Two years after enrolling at Southwest Texas State, I transferred to a private Catholic university near San Francisco, don’t ask why, and that’s where I met Irene and married young. We now live in rural northern California, where late at night we often have whispered conversations about how our children will look. We’re trying.

This last summer, when Irene and I went back east for her mother’s funeral, I took a separate flight home and touched down in Houston. My eldest cousin met me at the airport, and gave me a manila envelope he said his own ailing mother had told him to pass on to me. We had lunch and promised to see each other again, and then I rented a car and drove to Blue for the first time in years. I was amazed at its growth—a colony of fast-food restaurants, the Walmart, a subdivision of new homes. It was hot, more than a hundred and slick with humidity, so it was with some urgency that I left the cool air of my rental car and entered the bubble of air conditioning inside my father’s store. The place was run-down, not as cared for as it had been when the profit margins were higher, but it was good to be back all the same, as close as I could get to being back at home.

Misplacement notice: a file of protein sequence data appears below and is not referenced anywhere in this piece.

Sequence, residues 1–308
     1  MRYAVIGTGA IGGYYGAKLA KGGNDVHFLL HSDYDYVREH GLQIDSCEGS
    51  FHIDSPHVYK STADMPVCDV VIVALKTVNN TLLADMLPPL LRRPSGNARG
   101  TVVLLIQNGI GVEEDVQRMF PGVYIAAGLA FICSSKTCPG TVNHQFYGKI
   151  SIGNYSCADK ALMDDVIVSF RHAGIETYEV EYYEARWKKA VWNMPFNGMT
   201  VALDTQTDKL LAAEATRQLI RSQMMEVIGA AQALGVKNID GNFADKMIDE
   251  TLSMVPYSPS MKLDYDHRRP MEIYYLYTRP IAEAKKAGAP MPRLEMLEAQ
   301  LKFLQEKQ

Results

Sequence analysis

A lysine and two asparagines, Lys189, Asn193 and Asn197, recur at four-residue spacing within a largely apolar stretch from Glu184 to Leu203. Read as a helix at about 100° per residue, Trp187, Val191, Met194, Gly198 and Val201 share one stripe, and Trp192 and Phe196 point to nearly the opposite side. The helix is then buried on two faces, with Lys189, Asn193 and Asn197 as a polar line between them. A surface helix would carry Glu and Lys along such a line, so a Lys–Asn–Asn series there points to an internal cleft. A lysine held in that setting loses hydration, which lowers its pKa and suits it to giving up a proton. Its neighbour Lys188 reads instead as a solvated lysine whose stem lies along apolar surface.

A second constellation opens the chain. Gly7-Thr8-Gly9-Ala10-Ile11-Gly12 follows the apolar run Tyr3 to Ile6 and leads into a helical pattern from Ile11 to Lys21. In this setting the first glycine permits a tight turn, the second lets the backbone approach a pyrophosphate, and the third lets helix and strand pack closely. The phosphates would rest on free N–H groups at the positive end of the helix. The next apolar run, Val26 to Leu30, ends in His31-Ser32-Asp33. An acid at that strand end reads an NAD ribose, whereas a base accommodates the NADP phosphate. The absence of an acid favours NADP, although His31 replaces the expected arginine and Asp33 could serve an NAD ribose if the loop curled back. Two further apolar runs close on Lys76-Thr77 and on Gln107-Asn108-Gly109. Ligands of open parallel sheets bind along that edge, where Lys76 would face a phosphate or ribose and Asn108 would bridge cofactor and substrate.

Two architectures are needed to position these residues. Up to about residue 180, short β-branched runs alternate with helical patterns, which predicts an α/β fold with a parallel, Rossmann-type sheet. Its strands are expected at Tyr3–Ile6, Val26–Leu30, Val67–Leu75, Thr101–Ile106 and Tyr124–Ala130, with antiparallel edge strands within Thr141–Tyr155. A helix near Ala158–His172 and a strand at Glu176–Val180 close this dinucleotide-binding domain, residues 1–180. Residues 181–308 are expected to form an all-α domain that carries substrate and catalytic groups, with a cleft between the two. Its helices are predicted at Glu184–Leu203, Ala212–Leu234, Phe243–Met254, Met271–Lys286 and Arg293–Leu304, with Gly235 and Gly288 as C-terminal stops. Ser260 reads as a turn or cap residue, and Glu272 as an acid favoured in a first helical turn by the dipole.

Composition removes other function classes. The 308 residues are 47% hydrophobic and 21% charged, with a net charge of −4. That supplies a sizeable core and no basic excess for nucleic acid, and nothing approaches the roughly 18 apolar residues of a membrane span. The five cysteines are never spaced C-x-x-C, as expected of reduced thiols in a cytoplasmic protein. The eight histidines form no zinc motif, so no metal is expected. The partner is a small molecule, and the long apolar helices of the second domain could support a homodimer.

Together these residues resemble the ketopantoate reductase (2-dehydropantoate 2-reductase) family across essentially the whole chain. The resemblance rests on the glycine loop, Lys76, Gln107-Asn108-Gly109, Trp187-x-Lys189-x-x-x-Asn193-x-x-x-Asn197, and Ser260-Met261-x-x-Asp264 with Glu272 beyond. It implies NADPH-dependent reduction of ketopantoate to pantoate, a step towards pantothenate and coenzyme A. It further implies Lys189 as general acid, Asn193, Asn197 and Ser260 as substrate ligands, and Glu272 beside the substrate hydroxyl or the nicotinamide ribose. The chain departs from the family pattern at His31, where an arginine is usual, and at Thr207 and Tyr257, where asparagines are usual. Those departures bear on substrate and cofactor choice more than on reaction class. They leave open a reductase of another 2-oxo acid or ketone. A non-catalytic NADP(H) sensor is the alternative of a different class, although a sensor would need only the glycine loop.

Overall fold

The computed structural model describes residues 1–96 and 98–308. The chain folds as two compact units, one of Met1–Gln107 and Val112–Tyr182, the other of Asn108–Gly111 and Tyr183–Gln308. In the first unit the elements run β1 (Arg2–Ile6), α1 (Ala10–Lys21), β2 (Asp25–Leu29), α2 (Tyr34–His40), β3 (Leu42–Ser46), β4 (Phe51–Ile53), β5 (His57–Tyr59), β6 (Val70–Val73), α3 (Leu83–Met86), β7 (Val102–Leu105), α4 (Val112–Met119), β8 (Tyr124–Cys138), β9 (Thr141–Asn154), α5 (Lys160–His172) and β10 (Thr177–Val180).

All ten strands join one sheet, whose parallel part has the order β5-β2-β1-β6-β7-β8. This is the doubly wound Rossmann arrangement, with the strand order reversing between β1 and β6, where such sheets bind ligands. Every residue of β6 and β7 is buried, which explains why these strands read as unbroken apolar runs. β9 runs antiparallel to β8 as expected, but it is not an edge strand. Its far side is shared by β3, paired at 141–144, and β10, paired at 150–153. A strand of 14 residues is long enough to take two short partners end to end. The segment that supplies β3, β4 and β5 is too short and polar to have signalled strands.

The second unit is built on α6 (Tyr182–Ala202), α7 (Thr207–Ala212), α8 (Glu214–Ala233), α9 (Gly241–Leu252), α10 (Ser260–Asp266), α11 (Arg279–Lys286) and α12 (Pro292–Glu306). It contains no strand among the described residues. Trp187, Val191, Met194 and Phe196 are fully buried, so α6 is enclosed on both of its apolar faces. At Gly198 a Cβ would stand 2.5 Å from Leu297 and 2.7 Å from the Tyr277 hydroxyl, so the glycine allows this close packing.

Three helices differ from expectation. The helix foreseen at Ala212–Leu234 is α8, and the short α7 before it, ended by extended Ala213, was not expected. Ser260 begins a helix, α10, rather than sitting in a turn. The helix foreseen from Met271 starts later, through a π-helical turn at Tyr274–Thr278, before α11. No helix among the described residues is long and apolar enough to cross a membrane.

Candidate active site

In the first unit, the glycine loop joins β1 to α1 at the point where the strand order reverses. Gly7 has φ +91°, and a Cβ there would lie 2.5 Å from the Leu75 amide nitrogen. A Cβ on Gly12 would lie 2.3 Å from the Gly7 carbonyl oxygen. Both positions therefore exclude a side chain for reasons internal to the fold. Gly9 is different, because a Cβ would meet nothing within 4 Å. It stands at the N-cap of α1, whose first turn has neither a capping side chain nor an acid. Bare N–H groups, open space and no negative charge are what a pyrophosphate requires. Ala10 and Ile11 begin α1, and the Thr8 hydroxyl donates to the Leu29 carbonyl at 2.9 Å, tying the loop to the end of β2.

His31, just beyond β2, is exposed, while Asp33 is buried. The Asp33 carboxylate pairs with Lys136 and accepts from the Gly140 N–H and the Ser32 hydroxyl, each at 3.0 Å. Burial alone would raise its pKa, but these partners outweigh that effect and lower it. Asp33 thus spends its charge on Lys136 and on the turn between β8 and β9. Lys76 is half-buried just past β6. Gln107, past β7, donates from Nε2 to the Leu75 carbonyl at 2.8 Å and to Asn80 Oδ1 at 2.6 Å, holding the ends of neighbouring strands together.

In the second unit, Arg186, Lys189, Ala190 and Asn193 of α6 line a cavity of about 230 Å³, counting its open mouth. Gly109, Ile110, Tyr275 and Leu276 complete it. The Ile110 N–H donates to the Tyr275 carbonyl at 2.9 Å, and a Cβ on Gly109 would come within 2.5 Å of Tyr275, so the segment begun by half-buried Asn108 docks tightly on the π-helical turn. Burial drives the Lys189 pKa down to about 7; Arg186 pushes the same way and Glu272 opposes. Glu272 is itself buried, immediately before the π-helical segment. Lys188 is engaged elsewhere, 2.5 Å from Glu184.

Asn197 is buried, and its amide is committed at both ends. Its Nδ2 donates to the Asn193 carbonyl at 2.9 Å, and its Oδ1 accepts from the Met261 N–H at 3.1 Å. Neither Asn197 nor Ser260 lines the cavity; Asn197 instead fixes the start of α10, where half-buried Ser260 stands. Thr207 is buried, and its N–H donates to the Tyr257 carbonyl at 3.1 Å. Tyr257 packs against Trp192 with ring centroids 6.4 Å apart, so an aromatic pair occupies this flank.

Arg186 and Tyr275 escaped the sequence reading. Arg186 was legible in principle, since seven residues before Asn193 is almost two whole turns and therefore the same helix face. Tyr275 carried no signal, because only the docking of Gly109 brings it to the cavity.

I didn’t really know what I was doing there, but I toured the aisles of animal feed and farm supplies as if at any moment I’d turn the corner of one aisle and see my purpose revealed on the shelves of another. Then it happened. As I neared the front check-out counters, I felt the presence of my father beside me, the skin of my body registering it as physically as if I’d stepped into a fallen cloud. He’d been just a young boy when I was thrust into his care; we’d both grown up together, though neither too well. I was almost crying when I did it – almost crying when I craned my neck to the ceiling and silently prayed for rain. Then that presence I’d felt beside me was gone, and I saw that a clerk had stopped scanning a customer’s items to look at me.